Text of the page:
Taking advantage of programmability in the network to achieve new levels of scalability while simplifying your architecture is another reason programmability in the network is an invaluable tool in your architectural toolbox.

More Stories By Lori MacVittie

Lori MacVittie is responsible for education and evangelism of application services available across F5’s entire product suite. Her role includes authorship of technical materials and participation in a number of community-based forums and industry standards organizations, among other efforts. MacVittie has extensive programming experience as an application architect, as well as network and systems development and administration expertise. Prior to joining F5, MacVittie was an award-winning Senior Technology Editor at Network Computing Magazine, where she conducted product research and evaluation focused on integration with application and network architectures, and authored articles on a variety of topics aimed at IT professionals. Her most recent area of focus included SOA-related products and architectures. She holds a B.S. in Information and Computing Science from the University of Wisconsin at Green Bay, and an M.S. in Computer Science from Nova Southeastern University.

Microservices Articles
Lori MacVittie is a subject matter expert on emerging technology responsible for outbound evangelism across F5's entire product suite. MacVittie has extensive development and technical architecture experience in both high-tech and enterprise organizations, in addition to network and systems administration expertise. Prior to joining F5, MacVittie was an award-winning technology editor at Network Computing Magazine where she evaluated and tested application-focused technologies including app secu...
In his general session at 19th Cloud Expo, Manish Dixit, VP of Product and Engineering at Dice, discussed how Dice leverages data insights and tools to help both tech professionals and recruiters better understand how skills relate to each other and which skills are in high demand using interactive visualizations and salary indicator tools to maximize earning potential. Manish Dixit is VP of Product and Engineering at Dice. As the leader of the Product, Engineering and Data Sciences team at D...
When building large, cloud-based applications that operate at a high scale, it’s important to maintain a high availability and resilience to failures. In order to do that, you must be tolerant of failures, even in light of failures in other areas of your application. “Fly two mistakes high” is an old adage in the radio control airplane hobby. It means, fly high enough so that if you make a mistake, you can continue flying with room to still make mistakes. In his session at 18th Cloud Expo, Lee A...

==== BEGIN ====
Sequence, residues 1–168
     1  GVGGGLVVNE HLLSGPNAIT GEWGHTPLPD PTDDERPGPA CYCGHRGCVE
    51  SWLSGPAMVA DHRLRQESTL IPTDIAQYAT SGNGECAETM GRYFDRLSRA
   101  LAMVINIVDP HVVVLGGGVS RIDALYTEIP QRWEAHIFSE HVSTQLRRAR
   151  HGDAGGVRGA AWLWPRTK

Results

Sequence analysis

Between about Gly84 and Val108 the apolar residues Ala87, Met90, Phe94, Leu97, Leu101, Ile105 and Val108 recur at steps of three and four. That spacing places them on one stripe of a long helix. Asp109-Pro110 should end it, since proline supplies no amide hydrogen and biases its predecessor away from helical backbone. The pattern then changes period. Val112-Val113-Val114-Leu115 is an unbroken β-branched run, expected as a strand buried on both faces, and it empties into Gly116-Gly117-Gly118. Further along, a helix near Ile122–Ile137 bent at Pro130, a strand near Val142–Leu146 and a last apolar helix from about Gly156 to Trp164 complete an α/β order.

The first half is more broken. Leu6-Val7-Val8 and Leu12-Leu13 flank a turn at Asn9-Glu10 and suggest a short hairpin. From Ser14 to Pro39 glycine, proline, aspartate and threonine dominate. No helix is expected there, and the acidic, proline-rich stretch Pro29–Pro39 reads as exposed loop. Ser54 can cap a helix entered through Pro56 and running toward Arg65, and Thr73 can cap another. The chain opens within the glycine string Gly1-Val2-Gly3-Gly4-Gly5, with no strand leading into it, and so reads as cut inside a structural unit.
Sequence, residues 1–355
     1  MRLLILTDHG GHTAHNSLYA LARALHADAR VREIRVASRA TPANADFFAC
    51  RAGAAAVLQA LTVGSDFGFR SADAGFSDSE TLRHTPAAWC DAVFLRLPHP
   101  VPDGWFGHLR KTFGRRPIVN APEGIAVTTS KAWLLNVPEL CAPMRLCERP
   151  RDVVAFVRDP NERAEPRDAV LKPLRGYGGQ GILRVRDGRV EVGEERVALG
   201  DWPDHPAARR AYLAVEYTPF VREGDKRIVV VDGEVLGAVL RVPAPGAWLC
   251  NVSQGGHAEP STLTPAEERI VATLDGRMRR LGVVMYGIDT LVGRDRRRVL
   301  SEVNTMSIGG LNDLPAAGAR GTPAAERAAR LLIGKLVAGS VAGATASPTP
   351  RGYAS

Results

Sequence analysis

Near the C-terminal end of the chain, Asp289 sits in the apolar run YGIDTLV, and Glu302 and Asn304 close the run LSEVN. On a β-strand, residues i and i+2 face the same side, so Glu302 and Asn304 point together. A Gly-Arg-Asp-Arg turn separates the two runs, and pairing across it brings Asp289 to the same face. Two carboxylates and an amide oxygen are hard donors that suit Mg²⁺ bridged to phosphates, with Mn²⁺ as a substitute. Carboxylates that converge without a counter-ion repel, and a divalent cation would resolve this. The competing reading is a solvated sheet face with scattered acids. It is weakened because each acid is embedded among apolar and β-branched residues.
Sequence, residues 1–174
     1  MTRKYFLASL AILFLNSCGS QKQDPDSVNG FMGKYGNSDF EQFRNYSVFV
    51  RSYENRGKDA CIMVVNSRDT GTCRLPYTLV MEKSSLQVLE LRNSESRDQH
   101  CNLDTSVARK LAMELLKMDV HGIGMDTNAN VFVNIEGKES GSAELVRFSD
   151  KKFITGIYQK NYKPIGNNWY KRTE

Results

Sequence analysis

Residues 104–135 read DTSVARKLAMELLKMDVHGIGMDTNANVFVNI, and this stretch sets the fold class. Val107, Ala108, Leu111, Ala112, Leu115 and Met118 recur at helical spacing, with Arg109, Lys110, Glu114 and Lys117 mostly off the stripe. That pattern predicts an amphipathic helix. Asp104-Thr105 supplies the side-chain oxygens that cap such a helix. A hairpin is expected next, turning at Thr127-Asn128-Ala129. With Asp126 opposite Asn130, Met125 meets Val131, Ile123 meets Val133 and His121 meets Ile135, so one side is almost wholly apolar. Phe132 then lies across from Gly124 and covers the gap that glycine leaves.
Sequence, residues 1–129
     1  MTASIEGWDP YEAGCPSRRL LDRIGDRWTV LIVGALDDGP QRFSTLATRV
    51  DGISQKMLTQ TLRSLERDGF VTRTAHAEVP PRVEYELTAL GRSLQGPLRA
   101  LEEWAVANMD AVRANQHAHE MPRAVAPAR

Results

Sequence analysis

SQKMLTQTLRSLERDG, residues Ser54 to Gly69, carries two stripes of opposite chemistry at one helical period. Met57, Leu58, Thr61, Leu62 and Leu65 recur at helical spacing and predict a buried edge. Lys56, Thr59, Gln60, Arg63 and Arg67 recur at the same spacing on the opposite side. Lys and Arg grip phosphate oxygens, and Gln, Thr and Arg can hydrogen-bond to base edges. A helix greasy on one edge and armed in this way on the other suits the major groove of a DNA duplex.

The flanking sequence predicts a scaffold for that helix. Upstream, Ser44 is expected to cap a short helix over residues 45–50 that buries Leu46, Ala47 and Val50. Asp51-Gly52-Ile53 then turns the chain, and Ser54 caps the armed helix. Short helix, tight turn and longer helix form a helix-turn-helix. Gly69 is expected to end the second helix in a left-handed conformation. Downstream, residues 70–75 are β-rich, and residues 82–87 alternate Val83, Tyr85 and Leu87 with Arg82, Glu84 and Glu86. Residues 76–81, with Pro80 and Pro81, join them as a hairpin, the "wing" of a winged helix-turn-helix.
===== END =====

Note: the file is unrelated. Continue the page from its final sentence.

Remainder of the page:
Containers and Kubernetes allow for code portability across on-premise VMs, bare metal, or multiple cloud provider environments. Yet, despite this portability promise, developers may include configuration and application definitions that constrain or even eliminate application portability. In this session we'll describe best practices for "configuration as code" in a Kubernetes environment. We will demonstrate how a properly constructed containerized app can be deployed to both Amazon and Azure ...
Modern software design has fundamentally changed how we manage applications, causing many to turn to containers as the new virtual machine for resource management. As container adoption grows beyond stateless applications to stateful workloads, the need for persistent storage is foundational - something customers routinely cite as a top pain point. In his session at @DevOpsSummit at 21st Cloud Expo, Bill Borsari, Head of Systems Engineering at Datera, explored how organizations can reap the bene...
Using new techniques of information modeling, indexing, and processing, new cloud-based systems can support cloud-based workloads previously not possible for high-throughput insurance, banking, and case-based applications. In his session at 18th Cloud Expo, John Newton, CTO, Founder and Chairman of Alfresco, described how to scale cloud-based content management repositories to store, manage, and retrieve billions of documents and related information with fast and linear scalability. He addresse...
The now mainstream platform changes stemming from the first Internet boom brought many changes but didn’t really change the basic relationship between servers and the applications running on them. In fact, that was sort of the point. In his session at 18th Cloud Expo, Gordon Haff, senior cloud strategy marketing and evangelism manager at Red Hat, will discuss how today’s workloads require a new model and a new platform for development and execution. The platform must handle a wide range of rec...
SYS-CON Events announced today that DatacenterDynamics has been named “Media Sponsor” of SYS-CON's 18th International Cloud Expo, which will take place on June 7–9, 2016, at the Javits Center in New York City, NY. DatacenterDynamics is a brand of DCD Group, a global B2B media and publishing company that develops products to help senior professionals in the world's most ICT dependent organizations make risk-based infrastructure and capacity decisions.
Discussions of cloud computing have evolved in recent years from a focus on specific types of cloud, to a world of hybrid cloud, and to a world dominated by the APIs that make today's multi-cloud environments and hybrid clouds possible. In this Power Panel at 17th Cloud Expo, moderated by Conference Chair Roger Strukhoff, panelists addressed the importance of customers being able to use the specific technologies they need, through environments and ecosystems that expose their APIs to make true ...
In his keynote at 19th Cloud Expo, Sheng Liang, co-founder and CEO of Rancher Labs, discussed the technological advances and new business opportunities created by the rapid adoption of containers. With the success of Amazon Web Services (AWS) and various open source technologies used to build private clouds, cloud computing has become an essential component of IT strategy. However, users continue to face challenges in implementing clouds, as older technologies evolve and newer ones like Docker c...